MILWAUKEE -- Nearly all American women are in danger of heart disease or stroke and should be more aggressive about lowering their risk -- including asking their doctors about daily aspirin use, the American Heart Association said yesterday in new guidelines.
It is the first time guidelines have urged all women to consider aspirin for preventing strokes, although specialists warn that it can cause ulcers and dangerous bleeding. They said aspirin is probably not a good idea for young women with no big health problems.
"We do not want women to go to the drugstore and just start taking this themselves. It is critical that every woman talk to her doctor," said Dr. Lori Mosca, director of preventive cardiology at New York-Presbyterian Hospital and chairwoman of the panel that wrote the guidelines.
The guidelines also advise daily exercise and less fat, and declare vitamins C and E, beta carotene, and folic acid supplements worthless for preventing heart disease.
The guidelines were published in the journal Circulation with related studies on women's health, including one suggesting that hormone skin patches may be safer than pills for menopause symptoms.
In general, the guidelines aim to get women and doctors to focus on the long-term risk from high blood pressure, smoking, lack of exercise, or being overweight, even if a woman's current health seems fine. Even a single risk factor at age 50 greatly raises the chance of heart disease or stroke later, and only about 10 percent of American women are free of these problems.
"We do not want women to wait until they develop symptoms to begin to take action," Mosca said.
The guidelines were drafted by dozens of groups worldwide, including the American Academy of Family Physicians and the US government. Of the 33 people who wrote the advice, 13 have financial ties to heart drug makers, only three of them to a large degree.
"This is a really good gathering of evidence in women," after years of studies done mostly on men, said Dr. Sidney Smith, heart disease chief at the University of North Carolina at Chapel Hill and past heart association president.
The evidence shows that many more women than thought are at risk of heart disease and stroke, even those whose only weakness was failure to exercise every day.
Exercise. Get at least 30 minutes of moderately intense exercise on most and preferably all days, 60 to 90 minutes if you need to lose weight.
Diet. Eat mostly fruits and vegetables, whole grain and high-fiber foods, fish at least twice a week, and little salt. Limit saturated fat to less than 10 percent of calories, 7 percent if possible, and trans fats to less than 1 percent. Limit alcohol to one drink or less a day.
Don't smoke. Use nicotine replacement products if needed to stop.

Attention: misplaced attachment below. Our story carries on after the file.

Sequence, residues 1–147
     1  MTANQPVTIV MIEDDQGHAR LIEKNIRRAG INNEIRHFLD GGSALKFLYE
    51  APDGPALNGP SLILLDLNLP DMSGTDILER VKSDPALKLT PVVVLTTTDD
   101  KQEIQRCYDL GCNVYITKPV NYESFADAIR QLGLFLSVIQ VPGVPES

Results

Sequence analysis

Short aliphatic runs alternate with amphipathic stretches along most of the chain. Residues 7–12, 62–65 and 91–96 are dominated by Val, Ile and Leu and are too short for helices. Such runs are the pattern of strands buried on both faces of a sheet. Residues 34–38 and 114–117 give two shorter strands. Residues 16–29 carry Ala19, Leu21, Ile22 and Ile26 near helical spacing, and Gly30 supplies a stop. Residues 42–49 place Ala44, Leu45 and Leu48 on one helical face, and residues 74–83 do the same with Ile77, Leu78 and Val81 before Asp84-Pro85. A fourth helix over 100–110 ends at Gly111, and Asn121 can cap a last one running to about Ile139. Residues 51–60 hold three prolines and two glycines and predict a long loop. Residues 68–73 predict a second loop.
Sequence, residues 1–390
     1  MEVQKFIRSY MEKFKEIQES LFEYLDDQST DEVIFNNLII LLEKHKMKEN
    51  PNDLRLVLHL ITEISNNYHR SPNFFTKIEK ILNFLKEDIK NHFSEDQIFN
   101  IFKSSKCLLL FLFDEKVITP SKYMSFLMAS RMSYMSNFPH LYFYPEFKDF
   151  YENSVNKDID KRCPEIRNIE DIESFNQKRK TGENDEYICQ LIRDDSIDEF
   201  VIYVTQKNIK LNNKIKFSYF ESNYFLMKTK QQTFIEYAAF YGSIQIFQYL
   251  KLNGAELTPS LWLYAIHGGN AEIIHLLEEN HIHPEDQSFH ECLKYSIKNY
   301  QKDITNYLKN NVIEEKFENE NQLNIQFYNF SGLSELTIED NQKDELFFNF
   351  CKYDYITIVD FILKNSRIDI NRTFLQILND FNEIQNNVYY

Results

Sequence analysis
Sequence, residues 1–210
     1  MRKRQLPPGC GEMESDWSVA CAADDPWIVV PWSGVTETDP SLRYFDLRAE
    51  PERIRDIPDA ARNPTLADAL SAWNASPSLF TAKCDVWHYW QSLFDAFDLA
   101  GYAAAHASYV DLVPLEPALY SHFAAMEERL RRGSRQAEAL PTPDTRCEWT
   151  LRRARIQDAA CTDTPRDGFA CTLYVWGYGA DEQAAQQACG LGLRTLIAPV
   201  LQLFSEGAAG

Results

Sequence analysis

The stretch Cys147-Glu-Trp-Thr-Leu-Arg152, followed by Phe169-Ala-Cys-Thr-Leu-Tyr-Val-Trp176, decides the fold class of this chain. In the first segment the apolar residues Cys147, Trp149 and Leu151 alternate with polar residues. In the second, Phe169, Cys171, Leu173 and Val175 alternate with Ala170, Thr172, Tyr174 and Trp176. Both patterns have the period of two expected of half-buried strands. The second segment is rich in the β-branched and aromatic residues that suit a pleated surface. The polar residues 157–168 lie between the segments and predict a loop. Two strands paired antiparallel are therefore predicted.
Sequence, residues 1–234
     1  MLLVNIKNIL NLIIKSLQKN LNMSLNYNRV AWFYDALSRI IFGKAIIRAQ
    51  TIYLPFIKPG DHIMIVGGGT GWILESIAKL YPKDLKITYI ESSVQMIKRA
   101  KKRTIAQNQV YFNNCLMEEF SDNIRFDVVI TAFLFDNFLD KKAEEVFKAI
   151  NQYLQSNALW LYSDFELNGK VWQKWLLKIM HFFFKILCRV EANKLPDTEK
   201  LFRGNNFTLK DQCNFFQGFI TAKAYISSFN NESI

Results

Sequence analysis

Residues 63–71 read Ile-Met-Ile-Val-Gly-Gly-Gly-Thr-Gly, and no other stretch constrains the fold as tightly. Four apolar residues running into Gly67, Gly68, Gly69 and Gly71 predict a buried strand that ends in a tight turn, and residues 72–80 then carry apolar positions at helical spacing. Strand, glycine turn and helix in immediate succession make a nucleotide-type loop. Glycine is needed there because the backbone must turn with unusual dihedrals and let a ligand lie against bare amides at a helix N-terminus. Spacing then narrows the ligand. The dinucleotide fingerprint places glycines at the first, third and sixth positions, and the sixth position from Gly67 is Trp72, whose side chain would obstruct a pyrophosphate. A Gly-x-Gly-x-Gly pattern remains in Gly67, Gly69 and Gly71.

Weight. Keep body-mass index under 25.
Supplements. Consider omega-3 fatty acids (fish oil) if you already have heart disease. Do not take extra folic acid or antioxidants like vitamins E, C, and beta carotene for heart disease prevention.
Blood pressure, cholesterol. Keep under control, with medicine if needed. Keep LDL or bad cholesterol under 100 if at high risk of heart disease and under 70 if at very high risk.
Aspirin. Daily use is already urged for women at high risk, and the guidelines now say the dose can go up to 325 milligrams. All other women should consider 81 milligram "baby aspirin" daily or 100 milligrams every other day for stroke prevention.
The last is controversial. Aspirin is recommended now to prevent heart disease in men 45 and older; but in women, a large study found it prevented heart disease only for those 65 and older. Aspirin did prevent strokes in women, but again, the benefit was substantial only among older ones, said Dr. JoAnn Manson, a specialist on women's health from Harvard University who helped lead that study.
Putting young women on aspirin for stroke prevention is not justified by the evidence, Manson warned. In the 10-year study, aspirin prevented only one additional cardiovascular problem among about 35,000 women under 65 and led to 20 cases of bleeding requiring transfusion, she said.
Dr. Elizabeth Nabel, director of the National Heart, Lung and Blood Institute, said the benefits of low-dose aspirin must be weighed against the risk of internal bleeding, "and it is important for women to check with their doctor about this."
Mosca conceded that in her own practice, "I would probably limit this to women 45 and above," but would consider it for a younger woman who is overweight, doesn't exercise, and has high cholesterol and isn't changing her lifestyle enough to lower her risk.
The guidelines also say that estrogen and progesterone supplements, while often justified for menopause symptoms, should not be taken to prevent heart disease -- nor should so-called SERM drugs, such as tamoxifen and raloxifene, which are used to prevent breast cancer in women at high risk of that disease.